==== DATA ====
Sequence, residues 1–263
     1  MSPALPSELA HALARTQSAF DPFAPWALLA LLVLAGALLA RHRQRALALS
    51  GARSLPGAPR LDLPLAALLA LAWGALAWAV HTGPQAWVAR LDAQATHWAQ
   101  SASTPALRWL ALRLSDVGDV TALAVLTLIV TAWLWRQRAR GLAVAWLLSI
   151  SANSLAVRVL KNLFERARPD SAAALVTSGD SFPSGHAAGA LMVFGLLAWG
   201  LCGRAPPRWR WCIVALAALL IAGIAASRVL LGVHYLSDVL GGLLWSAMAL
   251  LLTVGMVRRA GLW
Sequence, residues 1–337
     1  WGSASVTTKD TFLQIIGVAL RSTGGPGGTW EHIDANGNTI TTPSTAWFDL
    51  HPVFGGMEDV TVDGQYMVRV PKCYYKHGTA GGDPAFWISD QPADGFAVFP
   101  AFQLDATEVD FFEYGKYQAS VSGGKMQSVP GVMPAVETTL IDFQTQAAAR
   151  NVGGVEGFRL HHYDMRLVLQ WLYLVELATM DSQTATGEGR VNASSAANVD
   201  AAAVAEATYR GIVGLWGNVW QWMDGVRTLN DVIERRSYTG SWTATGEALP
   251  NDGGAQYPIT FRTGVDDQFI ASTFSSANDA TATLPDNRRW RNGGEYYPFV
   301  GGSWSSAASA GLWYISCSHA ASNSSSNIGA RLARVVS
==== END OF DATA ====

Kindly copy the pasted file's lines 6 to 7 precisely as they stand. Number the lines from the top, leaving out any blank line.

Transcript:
   201  LCGRAPPRWR WCIVALAALL IAGIAASRVL LGVHYLSDVL GGLLWSAMAL
   251  LLTVGMVRRA GLW